Regulations for Nonnative, Conditional, and Prohibited Aquatic Species
Conditional Aquatic Species
A Conditional/Prohibited/Nonnative Species Permit is needed to import and possess conditional aquatic species for transshipment or commercial use, research, or public exhibition. Conditional species are not allowed to be personally possessed.
- Holders of a valid Aquaculture Certificate (AQ) that has the restricted species authorization from the Department of Agriculture and Consumer Services for that particular species do not need a permit from the FWC to import or possess conditional aquatic species for aquaculture purposes.
- However, aquaculturists that import and possess conditional aquatic species for direct retail sales must obtain a permit from the FWC.
- Conditional aquatic species may be transferred or sold to people who possess a license to import or possess that particular species, or to people who hold a valid AQ that has the restricted species authorization from the Department of Agriculture and Consumer Services for that particular species.
Prohibited Aquatic Species
A Conditional/Prohibited/Nonnative Species Permit is needed to import and possess prohibited aquatic species for research or public exhibition. Prohibited aquatic species are not allowed to be used commercially or personally possessed.
- No permits are issued for the importation and possession of piranha and pirembeba, for any purpose.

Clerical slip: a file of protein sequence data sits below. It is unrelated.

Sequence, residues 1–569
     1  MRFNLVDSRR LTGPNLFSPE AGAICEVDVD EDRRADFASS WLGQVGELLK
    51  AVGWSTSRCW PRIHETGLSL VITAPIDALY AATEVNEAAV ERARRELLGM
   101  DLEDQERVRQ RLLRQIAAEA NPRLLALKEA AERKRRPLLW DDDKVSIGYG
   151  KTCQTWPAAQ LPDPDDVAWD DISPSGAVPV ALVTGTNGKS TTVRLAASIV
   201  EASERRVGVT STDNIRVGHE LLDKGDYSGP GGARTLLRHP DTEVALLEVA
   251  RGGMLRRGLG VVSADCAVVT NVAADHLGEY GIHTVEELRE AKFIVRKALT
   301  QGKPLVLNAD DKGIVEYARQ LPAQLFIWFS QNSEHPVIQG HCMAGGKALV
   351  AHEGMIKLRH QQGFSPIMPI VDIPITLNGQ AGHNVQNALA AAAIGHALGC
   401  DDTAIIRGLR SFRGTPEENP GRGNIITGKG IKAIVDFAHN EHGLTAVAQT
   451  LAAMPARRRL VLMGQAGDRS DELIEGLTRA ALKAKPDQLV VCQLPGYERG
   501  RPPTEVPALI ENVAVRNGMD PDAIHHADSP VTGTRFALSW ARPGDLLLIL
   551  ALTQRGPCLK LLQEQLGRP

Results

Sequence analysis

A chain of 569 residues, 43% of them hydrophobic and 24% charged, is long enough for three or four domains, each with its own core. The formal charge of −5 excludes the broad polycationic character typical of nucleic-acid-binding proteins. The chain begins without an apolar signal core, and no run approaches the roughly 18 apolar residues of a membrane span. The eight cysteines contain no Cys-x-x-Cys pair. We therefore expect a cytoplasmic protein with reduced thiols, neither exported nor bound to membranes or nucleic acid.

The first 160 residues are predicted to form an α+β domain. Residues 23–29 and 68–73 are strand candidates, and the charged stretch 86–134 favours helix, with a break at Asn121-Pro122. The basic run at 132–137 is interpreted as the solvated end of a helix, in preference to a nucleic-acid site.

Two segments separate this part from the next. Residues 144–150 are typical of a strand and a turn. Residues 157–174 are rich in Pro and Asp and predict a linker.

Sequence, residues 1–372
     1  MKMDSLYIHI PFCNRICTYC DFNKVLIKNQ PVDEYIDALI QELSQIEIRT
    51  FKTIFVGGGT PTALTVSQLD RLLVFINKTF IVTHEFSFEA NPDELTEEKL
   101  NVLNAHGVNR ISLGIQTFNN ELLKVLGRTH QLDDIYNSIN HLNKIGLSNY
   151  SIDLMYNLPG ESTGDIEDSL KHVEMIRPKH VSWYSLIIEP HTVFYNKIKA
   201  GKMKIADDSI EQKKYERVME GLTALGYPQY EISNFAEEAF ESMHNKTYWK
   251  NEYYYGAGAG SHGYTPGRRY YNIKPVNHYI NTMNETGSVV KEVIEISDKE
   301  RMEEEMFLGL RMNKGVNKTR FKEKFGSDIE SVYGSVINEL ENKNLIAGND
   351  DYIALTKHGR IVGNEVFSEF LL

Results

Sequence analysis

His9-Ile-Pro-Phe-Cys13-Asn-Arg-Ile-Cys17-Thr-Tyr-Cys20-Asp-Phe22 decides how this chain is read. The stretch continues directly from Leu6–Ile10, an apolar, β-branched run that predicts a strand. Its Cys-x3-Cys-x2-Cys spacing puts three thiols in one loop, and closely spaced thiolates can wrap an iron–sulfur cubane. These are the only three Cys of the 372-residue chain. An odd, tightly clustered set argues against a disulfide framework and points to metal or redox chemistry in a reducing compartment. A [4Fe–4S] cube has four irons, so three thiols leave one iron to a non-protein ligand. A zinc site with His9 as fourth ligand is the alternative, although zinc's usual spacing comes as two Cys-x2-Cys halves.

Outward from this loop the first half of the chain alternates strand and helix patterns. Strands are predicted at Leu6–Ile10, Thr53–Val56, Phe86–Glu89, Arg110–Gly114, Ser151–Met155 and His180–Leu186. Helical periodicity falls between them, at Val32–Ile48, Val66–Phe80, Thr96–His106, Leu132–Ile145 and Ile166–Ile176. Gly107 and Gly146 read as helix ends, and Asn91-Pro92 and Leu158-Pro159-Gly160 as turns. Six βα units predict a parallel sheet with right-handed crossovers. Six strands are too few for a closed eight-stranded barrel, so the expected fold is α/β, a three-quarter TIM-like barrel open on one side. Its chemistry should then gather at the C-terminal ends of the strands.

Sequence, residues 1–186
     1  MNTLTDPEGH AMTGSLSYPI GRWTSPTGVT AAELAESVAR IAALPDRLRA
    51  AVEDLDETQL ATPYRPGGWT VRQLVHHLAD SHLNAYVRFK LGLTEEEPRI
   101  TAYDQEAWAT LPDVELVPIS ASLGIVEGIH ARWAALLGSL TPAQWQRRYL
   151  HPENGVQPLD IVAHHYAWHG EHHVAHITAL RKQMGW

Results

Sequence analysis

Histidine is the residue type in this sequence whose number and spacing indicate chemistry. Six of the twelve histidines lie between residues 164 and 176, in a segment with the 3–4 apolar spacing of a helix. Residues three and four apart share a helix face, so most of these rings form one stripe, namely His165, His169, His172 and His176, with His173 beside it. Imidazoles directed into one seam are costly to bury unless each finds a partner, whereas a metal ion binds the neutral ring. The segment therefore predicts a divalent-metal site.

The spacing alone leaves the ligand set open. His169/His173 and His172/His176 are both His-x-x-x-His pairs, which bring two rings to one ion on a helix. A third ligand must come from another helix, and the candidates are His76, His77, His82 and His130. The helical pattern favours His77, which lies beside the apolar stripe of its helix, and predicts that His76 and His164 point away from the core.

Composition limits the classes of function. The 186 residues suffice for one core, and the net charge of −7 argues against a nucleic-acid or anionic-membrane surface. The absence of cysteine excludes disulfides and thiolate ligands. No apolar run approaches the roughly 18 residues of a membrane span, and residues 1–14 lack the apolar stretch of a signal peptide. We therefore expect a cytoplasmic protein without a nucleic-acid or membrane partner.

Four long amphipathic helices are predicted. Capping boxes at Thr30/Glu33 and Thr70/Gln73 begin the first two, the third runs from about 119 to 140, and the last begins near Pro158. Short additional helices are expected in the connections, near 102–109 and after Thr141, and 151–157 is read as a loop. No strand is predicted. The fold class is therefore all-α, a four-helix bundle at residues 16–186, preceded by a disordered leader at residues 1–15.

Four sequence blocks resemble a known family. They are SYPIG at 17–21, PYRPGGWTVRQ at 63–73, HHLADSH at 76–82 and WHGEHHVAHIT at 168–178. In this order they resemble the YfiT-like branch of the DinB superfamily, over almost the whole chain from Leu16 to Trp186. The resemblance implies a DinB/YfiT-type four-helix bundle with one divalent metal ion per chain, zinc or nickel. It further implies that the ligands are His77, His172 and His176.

- Sea snakes can only be possessed for public exhibition by facilities with current accreditation by the American Zoo and Aquarium Association or the American Association of Museums and that post a $1 million letter of credit to the FWC. Only male sea snakes may be possessed, and facilities where sea snakes are held cannot be located in coastal counties or in areas that have contiguous connections with waters of the state. Sea snakes can only be imported by airplanes that land only in non-coastal counties in the state. Facilities where sea snakes are held must abide by all regulatory requirements of the FWC for venomous reptiles.
- Weeverfishes and stonefishes may not be imported into the state.
Commercial fish dealers licenses are required by the FWC. It is unlawful for licensed freshwater fish dealers or buyers to purchase freshwater fish or frogs from any unlicensed person.
The sale of freshwater turtles taken from the wild is prohibited.
As of August 2010, individuals may apply for a Conditional/Prohibited/Nonnative species permit to personally acquire unwanted pet red-eared sliders and give these animals a permanent home. Qualified individuals must have adequate indoor tanks or outdoor enclosures that are fully enclosed by a barrier secured at least 6 inches below ground and that will prevent escape of turtles by digging, climbing or crawling through gaps. Any red-eared slider eggs must be destroyed daily.
Per Executive Order 20-19, red-eared sliders (Trachemys scripta elegans) will continue to be regulated a Conditional species as described in section 68-5.004(3), F.A.C., following changes made to Section 379.372, Florida Statutes, effective July 1, 2020. Under those rules, red-eared sliders may continue to be possessed by permitted entities for personal use, educational exhibition, commercial sale, and research use, or by certified aquaculture facilities. Entities with a valid Aquaculture Certificate of Registration for red-eared sliders will continue to be allowed to culture this species.
Triploid Grass Carp
Triploid grass carp used for aquatic weed control is not included under the Conditional/Prohibited/Nonnative species permit. Permits for using triploid grass carp for weed control must be applied for online. For information on any other permits for triploid or diploid grass carp use , please contact the FWC’s Invasive Plant Management Section at 850-617-9430.